Why Would the Proponents of a New Sudan Promote Electoral Apartheid?
The Sudan Peoples’ Liberation Movement (SPLM) yet again delivered on its thousand and one vows to boycott sessions of the National Legislature last week. The reason this time was parliamentary debate over the Southern Sudan Referendum Bill, which specifies legislation for the 2011 referendum, meant to determine whether or not the South secedes from Sudan.
The Referendum Bill has undergone intensive debate between all political parties for the past eighteen months. It was subject to several evaluations, beginning with the National Constitutional Review Commission (NCRC); the Trilateral Talks brokered by the U.S. Special Envoy to Sudan, Gen. Scott Gration; and, finally, the Political Committee between the NCP and SPLM, co-chaired by Second Vice President Ali Osman Taha and Vice President of the Government of Southern Sudan, Dr. Riek Machar.
But eighteen months of efforts to marshal national consensus have been squandered by the SPLM in one fell swoop. As a result of disagreement over a single sub-article the SPLM has sentenced Sudan’s referendum bill to death by firing squad.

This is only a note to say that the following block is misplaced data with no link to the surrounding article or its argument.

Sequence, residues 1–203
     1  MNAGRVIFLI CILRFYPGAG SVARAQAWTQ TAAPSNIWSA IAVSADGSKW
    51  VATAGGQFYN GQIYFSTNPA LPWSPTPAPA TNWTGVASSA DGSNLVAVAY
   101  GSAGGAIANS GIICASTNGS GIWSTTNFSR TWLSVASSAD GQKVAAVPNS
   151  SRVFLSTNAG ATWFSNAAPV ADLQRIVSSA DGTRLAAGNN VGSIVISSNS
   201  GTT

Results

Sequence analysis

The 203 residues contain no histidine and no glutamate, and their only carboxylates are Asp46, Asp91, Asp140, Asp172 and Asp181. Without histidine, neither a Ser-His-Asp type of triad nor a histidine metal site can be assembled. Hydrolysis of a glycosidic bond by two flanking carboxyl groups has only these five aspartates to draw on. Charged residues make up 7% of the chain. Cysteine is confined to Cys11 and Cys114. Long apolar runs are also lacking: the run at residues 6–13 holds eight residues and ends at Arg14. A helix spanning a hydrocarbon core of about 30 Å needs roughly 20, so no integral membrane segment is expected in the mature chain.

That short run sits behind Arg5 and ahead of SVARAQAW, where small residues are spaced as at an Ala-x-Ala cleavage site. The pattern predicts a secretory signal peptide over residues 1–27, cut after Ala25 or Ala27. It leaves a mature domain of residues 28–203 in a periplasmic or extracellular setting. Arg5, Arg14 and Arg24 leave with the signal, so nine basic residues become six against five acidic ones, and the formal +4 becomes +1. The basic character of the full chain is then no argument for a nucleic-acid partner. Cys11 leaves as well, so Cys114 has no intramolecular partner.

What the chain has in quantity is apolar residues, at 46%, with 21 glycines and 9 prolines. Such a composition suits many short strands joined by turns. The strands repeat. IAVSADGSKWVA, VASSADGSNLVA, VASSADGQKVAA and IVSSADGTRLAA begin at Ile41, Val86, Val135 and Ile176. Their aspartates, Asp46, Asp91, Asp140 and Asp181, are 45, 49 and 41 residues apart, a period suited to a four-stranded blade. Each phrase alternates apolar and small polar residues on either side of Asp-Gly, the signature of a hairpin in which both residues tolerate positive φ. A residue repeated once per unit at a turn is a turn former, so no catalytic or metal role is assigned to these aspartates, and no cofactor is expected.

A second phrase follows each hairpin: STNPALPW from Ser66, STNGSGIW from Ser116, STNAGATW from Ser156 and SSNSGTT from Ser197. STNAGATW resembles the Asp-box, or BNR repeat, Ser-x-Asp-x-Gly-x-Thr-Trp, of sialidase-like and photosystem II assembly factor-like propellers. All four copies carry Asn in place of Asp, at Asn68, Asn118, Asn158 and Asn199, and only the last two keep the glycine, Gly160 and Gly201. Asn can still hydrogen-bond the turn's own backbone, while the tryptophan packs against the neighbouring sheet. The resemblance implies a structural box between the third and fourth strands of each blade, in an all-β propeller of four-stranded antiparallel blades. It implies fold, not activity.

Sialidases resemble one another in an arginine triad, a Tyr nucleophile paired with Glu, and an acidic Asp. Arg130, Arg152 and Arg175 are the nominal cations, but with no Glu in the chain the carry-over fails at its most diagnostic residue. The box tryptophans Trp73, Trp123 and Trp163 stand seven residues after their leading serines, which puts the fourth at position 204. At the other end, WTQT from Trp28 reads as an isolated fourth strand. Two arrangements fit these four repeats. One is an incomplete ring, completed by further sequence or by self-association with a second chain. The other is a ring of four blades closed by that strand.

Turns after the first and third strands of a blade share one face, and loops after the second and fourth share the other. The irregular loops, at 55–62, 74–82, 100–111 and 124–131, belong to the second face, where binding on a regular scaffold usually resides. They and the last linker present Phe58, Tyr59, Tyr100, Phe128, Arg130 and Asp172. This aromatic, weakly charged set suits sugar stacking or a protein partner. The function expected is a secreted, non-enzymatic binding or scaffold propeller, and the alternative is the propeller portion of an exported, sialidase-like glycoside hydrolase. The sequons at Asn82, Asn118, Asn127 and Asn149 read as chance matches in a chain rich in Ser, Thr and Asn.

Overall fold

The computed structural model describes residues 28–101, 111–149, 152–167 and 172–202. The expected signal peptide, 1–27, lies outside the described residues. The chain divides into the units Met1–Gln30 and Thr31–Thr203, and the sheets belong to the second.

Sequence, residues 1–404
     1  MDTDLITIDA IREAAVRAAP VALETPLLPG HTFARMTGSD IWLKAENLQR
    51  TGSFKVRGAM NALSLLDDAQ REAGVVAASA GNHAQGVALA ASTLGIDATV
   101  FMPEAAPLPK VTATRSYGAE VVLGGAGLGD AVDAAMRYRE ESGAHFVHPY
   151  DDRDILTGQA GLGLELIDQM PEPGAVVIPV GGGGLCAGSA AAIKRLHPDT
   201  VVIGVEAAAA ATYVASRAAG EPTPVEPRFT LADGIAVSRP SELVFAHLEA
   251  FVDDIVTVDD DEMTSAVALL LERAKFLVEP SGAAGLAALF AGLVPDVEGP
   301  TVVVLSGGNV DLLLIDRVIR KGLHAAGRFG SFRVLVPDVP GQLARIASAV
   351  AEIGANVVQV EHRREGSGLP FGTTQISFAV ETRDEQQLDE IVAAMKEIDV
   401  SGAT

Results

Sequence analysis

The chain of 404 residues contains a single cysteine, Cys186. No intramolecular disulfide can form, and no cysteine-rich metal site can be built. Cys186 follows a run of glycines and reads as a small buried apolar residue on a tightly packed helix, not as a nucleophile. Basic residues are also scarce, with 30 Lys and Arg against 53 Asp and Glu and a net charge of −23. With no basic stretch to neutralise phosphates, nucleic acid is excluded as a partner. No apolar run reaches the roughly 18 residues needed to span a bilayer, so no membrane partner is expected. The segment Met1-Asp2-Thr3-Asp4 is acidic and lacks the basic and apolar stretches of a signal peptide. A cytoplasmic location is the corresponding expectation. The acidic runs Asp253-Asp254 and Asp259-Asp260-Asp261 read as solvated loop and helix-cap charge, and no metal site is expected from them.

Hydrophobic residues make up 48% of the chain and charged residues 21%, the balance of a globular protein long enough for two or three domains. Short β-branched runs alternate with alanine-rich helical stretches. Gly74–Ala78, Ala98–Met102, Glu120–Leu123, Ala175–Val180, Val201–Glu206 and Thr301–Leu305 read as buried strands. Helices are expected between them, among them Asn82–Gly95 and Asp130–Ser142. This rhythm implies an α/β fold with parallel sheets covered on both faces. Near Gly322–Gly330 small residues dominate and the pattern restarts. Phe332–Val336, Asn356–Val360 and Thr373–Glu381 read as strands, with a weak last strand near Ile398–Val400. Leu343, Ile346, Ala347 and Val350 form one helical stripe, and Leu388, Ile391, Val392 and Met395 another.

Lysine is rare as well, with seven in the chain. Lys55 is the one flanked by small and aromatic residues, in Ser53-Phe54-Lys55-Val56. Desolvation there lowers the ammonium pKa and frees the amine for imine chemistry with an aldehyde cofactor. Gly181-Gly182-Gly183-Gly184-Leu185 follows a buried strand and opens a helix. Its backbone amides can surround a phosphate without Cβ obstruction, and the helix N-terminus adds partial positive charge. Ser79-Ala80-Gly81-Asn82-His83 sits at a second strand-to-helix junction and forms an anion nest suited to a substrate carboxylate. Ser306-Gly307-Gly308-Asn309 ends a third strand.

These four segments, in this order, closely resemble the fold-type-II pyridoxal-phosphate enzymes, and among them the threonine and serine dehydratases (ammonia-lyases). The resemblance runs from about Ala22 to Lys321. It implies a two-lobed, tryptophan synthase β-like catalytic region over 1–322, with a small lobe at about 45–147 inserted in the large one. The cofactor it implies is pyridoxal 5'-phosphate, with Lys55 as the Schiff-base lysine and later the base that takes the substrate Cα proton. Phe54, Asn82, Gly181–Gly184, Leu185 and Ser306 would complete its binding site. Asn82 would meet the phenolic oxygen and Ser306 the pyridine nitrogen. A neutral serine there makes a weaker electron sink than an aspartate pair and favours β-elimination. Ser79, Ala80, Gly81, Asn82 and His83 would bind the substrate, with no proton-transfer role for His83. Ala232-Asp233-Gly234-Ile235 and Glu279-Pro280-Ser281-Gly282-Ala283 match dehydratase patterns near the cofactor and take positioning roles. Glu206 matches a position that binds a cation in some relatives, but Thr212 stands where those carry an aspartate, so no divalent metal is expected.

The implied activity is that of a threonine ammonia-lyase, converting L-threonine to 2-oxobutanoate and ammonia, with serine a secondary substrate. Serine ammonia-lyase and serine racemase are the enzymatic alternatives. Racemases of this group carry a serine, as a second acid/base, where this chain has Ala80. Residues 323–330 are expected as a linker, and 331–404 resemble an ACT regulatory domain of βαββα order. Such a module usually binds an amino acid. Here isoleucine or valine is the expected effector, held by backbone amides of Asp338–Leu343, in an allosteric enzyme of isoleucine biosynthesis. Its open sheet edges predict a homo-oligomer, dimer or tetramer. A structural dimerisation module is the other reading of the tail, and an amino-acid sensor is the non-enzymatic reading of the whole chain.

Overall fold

In this brief article we are not concerned with political correctness, or with what the mechanical minority should or should not do. We are not concerned with the criticism leveled at mechanical minorities when they foster brinkmanship, resort to delaying tactics, and boycott democratic processes. What we are concerned with is an examination of the debated sub-article regarding referendum voting process, which can be used to gauge the SPLM’s level of commitment to the New Sudan project, based on what it purports to represent and promise.
The SPLM boycotted the parliamentary session that was debating the Southern Sudan Referendum Bill because they objected to amendments in sub-article 27 (3), which prevents a certain category of southerners from registering or casting their votes anywhere outside of southern Sudan, even in centres set up for this purpose. Who is included in this category of southerners? According to the wording of the bill, “all southern Sudanese whose origins are traceable to one of the ethnic groups in Southern Sudan, but who are not permanently and uninterruptedly resident in southern Sudan before or since the 1st of January 1956.”